“It did not pass that first time when Pete supported it,” Land said. “But that laid the foundation for the flag to ultimately be changed several years later.”

All about relationships

In 1994 Robinson transitioned out of the General Assembly and became a lobbyist. Over nearly three decades his influence and power grew. It was all about relationships, said Speaker of the House David Ralston, R-Blue Ridge, who served with Robinson in the General Assembly.

“Trust was currency,” Ralston said. “ If you abused trust with a friend, you are going to lose your effectiveness and you are going to lose your credibility.”

Robinson never abused that trust, Ralston said.

“Never,” the speaker said. “Pete could look at both sides of an issue and he knew on many issues it wasn’t a matter of somebody winning everything and somebody losing everything. But that both sides needed to take something away from the table. And he appreciated that fact.”

Robinson was masterful in the way he used the power he had accumulated, said First Baptist Church Pastor Jimmy Elder, who served with Robinson on the Mercer University Board of Trustees.

“He had a humble respect for power,” Elder said. “He treated it as a stewardship and not something to grasp and to own. And that’s what has made him such a great person. …Power never belonged to him. It was a stewardship he held in trust for everybody who he represented and whom he served.”

Part of that philosophy came from his high school days, said his friend Betsy Covington. A Hardaway High graduate, Robinson was in the St. Luke United Methodist Church Sunday School class taught by the late Bill Turner, the former chairman of the W.C. Bradley Company and major Columbus philanthropist.

“I think Pete has always carried a lot of the lessons from that Sunday School class into his life,” Covington said. “I saw it primarily in that he never looked for credit in stuff and he was interested in how he could bring people together to agree on something that was wonderful for other people, get something done, then not worry about who got the credit.”

In the early 2000s, Turner asked Robinson to lead the project that resulted in a new public library on Macon Road. That library was constructed and is maintained with a combination of public and private money.

“Pete was one of the smartest people I ever met,” Richard Smith said. “He also understood things. He knew how to put things together like public-private partnerships like we talked about with the library.”

Rep. Calvin Smyre, D-Columbus, is the dean of the General Assembly and he watched Robinson’s evolution from beginning to end.

“When you talk about the Columbus Public Library, Pete drove that item for many, many years and saw it to fruition,” Smyre said.

Robinson’s friend of four decades, Columbus attorney and developer Ken Henson, thinks he knows why Robinson was so effective.

“When he told you he was going to do something, he did it,” Henson said. “And he did it the right way. He didn’t take any shortcuts. … He wasn’t going to talk bad about anybody. He was just going to do his job and get it done.”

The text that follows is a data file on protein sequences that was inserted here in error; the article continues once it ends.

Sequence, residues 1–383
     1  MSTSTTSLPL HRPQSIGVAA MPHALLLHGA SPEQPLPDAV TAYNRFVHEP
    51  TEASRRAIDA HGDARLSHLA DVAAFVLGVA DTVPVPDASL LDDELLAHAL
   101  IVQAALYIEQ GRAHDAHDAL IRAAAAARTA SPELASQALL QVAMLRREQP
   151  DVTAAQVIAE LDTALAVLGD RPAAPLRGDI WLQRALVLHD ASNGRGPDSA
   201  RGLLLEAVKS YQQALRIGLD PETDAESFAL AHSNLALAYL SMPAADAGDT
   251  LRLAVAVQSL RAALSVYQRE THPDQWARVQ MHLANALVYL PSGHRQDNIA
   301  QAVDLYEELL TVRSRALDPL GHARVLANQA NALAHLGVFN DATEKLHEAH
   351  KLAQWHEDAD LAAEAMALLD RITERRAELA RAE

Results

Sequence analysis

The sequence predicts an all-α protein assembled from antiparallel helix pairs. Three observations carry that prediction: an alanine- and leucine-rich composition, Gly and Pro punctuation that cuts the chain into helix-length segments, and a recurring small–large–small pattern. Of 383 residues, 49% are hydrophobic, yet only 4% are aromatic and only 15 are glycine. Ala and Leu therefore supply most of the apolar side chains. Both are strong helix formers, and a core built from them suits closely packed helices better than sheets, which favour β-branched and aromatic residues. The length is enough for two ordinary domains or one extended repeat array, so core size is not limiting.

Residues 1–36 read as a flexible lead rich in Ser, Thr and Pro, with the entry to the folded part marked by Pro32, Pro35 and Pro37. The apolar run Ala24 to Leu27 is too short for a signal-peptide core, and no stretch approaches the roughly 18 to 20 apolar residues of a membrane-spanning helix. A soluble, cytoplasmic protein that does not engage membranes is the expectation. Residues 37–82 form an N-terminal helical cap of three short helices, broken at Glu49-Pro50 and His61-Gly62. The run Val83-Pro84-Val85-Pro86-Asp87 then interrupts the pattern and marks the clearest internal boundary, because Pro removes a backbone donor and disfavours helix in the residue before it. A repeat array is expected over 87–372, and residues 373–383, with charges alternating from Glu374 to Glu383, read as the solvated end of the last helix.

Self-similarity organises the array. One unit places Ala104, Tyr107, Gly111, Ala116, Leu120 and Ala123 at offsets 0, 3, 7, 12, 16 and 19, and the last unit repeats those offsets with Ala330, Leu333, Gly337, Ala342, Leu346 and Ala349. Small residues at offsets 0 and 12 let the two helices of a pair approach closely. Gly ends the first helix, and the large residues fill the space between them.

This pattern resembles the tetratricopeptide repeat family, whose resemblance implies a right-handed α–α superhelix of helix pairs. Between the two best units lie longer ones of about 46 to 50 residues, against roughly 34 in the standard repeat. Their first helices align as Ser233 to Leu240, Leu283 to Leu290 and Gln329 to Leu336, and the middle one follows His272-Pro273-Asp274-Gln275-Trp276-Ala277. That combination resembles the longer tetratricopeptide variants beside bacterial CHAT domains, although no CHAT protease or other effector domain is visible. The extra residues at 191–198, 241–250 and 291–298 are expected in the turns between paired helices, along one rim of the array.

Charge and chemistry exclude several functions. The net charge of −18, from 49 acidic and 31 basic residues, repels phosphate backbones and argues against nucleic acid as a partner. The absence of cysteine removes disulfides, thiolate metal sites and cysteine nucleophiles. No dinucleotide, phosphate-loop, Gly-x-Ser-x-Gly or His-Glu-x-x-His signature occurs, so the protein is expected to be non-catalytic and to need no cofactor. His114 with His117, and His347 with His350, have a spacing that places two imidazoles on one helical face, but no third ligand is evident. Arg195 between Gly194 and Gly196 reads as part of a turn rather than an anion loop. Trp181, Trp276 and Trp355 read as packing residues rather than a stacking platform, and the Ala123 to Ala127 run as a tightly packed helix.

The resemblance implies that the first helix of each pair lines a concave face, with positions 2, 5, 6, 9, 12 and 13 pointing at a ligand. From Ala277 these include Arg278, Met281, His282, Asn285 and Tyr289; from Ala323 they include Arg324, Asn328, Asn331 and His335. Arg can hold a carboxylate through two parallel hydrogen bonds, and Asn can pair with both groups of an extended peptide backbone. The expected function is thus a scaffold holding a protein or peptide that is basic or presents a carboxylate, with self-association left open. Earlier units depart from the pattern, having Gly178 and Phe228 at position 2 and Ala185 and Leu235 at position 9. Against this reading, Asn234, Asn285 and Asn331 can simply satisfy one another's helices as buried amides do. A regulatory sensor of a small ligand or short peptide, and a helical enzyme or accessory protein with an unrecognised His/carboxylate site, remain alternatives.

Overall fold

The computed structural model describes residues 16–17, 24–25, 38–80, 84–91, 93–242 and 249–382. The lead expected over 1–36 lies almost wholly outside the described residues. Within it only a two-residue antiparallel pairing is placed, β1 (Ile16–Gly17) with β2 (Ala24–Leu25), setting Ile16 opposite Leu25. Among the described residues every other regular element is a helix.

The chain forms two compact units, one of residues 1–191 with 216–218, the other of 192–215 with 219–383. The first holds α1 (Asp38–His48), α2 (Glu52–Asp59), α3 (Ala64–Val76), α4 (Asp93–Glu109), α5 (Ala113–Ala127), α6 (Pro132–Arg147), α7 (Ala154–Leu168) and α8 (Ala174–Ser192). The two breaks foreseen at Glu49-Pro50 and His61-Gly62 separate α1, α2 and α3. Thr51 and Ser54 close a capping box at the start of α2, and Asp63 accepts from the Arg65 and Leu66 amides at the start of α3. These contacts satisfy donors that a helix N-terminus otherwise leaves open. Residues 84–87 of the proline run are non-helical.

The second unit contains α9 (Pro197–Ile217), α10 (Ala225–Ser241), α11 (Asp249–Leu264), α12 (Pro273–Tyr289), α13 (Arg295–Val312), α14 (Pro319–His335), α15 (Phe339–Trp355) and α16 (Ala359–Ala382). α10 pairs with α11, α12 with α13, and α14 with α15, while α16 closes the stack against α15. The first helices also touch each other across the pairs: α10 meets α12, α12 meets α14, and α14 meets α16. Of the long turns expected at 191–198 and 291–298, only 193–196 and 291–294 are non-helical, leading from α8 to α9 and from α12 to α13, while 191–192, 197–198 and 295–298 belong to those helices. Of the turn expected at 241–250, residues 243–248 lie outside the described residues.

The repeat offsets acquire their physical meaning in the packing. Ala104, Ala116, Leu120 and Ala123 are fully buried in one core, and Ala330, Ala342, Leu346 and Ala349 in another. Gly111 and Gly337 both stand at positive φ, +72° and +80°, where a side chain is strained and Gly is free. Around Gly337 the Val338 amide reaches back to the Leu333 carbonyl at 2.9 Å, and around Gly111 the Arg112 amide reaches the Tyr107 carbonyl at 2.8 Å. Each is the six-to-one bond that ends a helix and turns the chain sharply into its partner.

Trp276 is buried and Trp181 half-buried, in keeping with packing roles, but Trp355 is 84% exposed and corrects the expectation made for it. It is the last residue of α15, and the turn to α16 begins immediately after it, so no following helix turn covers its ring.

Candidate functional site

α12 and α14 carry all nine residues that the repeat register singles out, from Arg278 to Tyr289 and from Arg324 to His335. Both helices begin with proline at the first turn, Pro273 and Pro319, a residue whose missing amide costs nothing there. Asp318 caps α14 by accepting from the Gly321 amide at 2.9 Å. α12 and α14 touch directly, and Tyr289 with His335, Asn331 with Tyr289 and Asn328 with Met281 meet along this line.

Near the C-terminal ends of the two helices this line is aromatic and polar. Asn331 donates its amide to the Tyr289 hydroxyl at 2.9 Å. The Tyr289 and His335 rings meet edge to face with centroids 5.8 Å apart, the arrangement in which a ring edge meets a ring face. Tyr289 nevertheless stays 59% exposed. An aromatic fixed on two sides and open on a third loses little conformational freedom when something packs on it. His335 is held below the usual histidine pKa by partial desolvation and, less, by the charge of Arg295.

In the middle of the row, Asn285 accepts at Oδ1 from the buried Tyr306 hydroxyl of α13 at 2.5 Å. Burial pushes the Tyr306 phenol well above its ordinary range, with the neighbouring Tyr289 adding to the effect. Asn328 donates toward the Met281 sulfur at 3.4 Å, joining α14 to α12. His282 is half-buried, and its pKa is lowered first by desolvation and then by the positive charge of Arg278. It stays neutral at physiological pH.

Elder puts it this way.

“It is from clout and respect that he has been able to do the things he’s done,” Elder said. “… It is one thing to hold a position. You have to hold on to that. It’s another thing to build a reputation and clout that everyone seeks your support and your opinion. And trusts what you do because they know it will be in the best interest of the state and the best interest of the community.”

An enduring legacy

Pete Robinson with family

Robinson was also a mentor to many people and place folks turned for advice at critical points in their careers and lives.

“He helped mentor countless young people to college, law school, medical school and helped them get jobs,” Henson said. “People had helped him all through his career, college and law school. And he thought it was important to help others just like he had been helped.”

Henson said that assistance came without wanting something in return.

“And he used to say when you help people you don’t want anything,” Henson said. “The joy was in helping people and that was enough.”

Robinson was predeceased by his father and is survived by his children — Carolyn (Atlanta), Miller (Washington, DC) and Grant Robinson (Atlanta) — and by their mother, Emily Sharp Robinson (Charlotte, NC). He is also survived by his mother, Jeanne Peterson Robinson (Columbus); sister, Jenna Robinson (Greenville, SC); and brother, Andy Robinson (Columbus).

In lieu of flowers, the family would welcome donations to the Mike Sabbath Student Support Fund at Mercer Law School via the Office of University Advancement, 1501 Mercer University Drive, Macon, GA 31207. Pete established the Fund to provide resources for law students who have a change of circumstances that causes financial distress and potentially affects their ability to remain enrolled. Pete named the Fund in honor of a favorite law professor, who helped Pete when his father passed away while he was in law school.

Alternately, donations would be welcomed to the Muscogee County Library Foundation Endowment Fund, c/o Community Foundation of the Chattahoochee Valley, during Covid at P.O. Box 1630, Fortson, GA 31808-1630 or via cfcv.com. An online guest book is available for the Robinson Family at Pete Robinson’s page at caringbridge.com.